Asiatimes Online publishers are creating a trust fund. I hope
    to contribute there instead of a split Pakistani scribes group
    with claimed membership of over 16,000.
    -Kulamarva Balakrishna

  • BullsEye says:

    What better way to survive than to appear dead and gone but in fact be alive and plotting.
    Ilyas is in a different league compared to other jihadis in his area. This guy has to be taken out ASAP.

  • michael says:

    Ilyas Kashmiri is certainly sufficiently cunning to fake his own death. But if he had wanted to fake his own death, he would certainly have done so in a professional way – not with typing errors, wrong pictures etc.
    In all likelihood he’s dead.

  • James says:

    It appears obvious to me that they have now resorted to a strategy of ‘playing possum,’ at least in certain scenarios.
    This should come as no surprise. As a matter of fact, I’ve wondered what took them so long to think of it. I mean, these are individuals that will resort to strategies such as dressing up like woman to escape detection and slaughtering innocent civilians at bakeries and bus stops to name but a few.
    My educated guess is that the drone strike did target him but either missed and/or our guys were given erroneous information (whether deliberately or accidentally, I can’t say which).
    Also, the lenghts our government went through in disposing of bin laden’s corpse may have encouraged this strategy on the part of the terrorists.

  • kp says:

    One might think that a believable HUJI “deception operation” might not look so badly put together as this one. After all the whole point of a deception op is to make the other side believe it.

    One would follow standard protocol. Wait a day or two or seven or thirty and release a proper video or a proper matyrdom announcement. You wouldn’t release a handwritten piece of paper (the images are on the net) in which you misspell the name of your org twice (though one might forgive a Arabic speaker writing in Urdu one of the mistakes). And you certainly wouldn’t send a photo of an already dead LeT terrorist that people are going to figure out (in hours!) is not real.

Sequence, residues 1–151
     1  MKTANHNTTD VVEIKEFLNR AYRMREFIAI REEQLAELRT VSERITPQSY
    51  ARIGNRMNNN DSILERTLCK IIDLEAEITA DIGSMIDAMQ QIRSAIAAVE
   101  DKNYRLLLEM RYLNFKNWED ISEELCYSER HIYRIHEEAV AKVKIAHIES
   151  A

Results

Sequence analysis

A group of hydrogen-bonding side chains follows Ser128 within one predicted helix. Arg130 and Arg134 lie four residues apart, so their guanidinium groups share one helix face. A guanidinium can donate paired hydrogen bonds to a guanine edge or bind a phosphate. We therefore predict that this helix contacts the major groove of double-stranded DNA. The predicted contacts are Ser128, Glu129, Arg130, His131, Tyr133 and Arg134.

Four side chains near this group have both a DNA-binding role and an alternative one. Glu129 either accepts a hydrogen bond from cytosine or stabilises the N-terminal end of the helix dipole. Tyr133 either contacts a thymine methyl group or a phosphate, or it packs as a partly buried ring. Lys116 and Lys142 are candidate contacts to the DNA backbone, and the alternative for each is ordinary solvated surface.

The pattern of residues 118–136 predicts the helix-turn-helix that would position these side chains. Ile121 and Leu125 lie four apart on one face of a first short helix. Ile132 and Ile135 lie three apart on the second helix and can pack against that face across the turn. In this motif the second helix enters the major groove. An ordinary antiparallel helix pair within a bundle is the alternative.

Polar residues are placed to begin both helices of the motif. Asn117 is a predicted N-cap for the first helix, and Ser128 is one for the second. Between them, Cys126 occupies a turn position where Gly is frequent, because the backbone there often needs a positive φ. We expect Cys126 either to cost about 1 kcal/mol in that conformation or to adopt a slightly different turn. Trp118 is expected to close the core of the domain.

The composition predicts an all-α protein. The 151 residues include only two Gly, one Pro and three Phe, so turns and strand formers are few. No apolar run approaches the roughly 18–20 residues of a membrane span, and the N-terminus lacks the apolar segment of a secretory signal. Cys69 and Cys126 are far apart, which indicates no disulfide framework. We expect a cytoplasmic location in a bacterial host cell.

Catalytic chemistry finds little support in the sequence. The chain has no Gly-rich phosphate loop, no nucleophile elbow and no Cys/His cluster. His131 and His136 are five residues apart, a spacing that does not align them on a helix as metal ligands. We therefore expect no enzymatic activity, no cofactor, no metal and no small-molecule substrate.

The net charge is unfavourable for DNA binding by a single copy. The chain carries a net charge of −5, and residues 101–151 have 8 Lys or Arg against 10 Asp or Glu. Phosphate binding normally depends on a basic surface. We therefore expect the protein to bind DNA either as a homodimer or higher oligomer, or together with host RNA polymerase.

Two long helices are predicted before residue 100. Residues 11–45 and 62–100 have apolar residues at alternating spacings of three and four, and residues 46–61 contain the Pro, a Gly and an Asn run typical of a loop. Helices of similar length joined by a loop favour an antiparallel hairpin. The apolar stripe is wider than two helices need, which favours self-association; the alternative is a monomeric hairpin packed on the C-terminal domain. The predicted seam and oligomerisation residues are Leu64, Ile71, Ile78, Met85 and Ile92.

Is there a codeword or some other authentication of the the fax? In which case I’d discount it.

    But I wouldn’t be so quick in discounting the possible killing of IK. The CIA I’m sure know if they got IK or not from the video they took. They will not be deceived by a simple deception op. They watched the meeting form up and struck it. Then watched the aftermath and probably dispersal. The apparent Monday follow-up attacks seem to bear out a chain or intel that they’ve followed.

    Perhaps they were just targeting an important meeting (and weren’t going after IK he just happened to be there). Perhaps they were after the AQ spokesman (and other senior folks). Or perhaps they new this was a HUJI/AQ meeting. Or perhaps they knew IK had moved to SW and this was the chance to get him in a meeting with other AQ and senior HUJI.

    The CIA know what they know. And they’re not telling.

  • Abu Samuel says:

    At this time the authenticity of the letter said to be from a HUJI spokesman cannot be verified.
    Several questions have to be asked:
    Does the statement fit the form and pattern of HUJI statements?
    Given that the ‘spokesman’ for HUJI in this statement is previously unknown, are there any already known spokesmen that this could/should have come from?
    The fact that the photo provided is demonstrably false also raises questions regarding the authenticity of the statement. I can think of no possible motive as to why a jihadist organisation would issue the wrong photo of a ‘martyr’ in a statement conveying news of his death.
    I would be wary of accepting the statement as either evidence of Kasmiri’s death or as a sign (given the red flags) that this could be a evidence of a new “denial and deception” campaign.
    A policy of ‘wait and see’ is probably most advisable in this case.

  • netphone says:

    This should come as no surprise. As a matter of fact, I’ve wondered what took them so long to think of it.
    Is there a codeword or some other authentication of the the fax? In which case I’d discount it.